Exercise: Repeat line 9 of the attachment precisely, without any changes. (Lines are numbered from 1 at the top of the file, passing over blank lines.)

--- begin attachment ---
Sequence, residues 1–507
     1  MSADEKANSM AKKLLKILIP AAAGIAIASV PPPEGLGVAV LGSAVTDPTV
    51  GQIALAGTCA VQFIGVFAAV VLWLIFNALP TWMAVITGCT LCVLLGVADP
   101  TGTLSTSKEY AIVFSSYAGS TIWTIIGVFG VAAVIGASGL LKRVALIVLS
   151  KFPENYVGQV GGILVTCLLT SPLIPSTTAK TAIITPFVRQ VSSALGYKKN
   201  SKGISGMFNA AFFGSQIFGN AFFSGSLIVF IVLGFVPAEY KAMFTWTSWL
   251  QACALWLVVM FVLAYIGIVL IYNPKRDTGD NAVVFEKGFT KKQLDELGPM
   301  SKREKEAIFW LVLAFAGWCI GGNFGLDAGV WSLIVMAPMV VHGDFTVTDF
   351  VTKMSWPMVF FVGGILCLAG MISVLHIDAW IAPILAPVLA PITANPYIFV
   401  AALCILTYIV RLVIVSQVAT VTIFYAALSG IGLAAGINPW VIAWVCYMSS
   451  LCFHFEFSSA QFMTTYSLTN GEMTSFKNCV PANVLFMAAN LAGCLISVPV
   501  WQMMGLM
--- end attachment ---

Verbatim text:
   351  VTKMSWPMVF FVGGILCLAG MISVLHIDAW IAPILAPVLA PITANPYIFV